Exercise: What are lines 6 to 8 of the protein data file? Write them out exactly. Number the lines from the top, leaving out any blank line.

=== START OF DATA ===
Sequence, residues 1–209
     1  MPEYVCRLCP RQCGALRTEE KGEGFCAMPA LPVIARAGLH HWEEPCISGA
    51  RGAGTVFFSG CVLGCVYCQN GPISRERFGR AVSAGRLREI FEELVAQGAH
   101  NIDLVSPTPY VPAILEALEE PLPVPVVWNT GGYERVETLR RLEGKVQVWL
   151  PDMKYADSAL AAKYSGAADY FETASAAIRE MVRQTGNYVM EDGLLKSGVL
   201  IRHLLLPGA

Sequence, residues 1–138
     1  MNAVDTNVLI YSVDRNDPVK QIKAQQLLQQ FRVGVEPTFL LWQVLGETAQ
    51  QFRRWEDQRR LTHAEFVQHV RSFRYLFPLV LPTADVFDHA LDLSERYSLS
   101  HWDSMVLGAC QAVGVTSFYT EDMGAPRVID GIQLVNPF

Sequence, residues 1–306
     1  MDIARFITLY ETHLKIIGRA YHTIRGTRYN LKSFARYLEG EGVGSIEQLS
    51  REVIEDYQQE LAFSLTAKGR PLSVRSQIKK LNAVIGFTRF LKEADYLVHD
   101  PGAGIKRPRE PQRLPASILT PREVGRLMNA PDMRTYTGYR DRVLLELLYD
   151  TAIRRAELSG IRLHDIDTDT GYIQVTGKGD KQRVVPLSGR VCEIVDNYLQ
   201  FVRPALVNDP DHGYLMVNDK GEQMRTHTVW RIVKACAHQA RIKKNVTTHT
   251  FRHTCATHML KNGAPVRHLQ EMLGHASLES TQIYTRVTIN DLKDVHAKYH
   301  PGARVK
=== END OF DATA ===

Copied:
   201  IRHLLLPGA

Sequence, residues 1–138
     1  MNAVDTNVLI YSVDRNDPVK QIKAQQLLQQ FRVGVEPTFL LWQVLGETAQ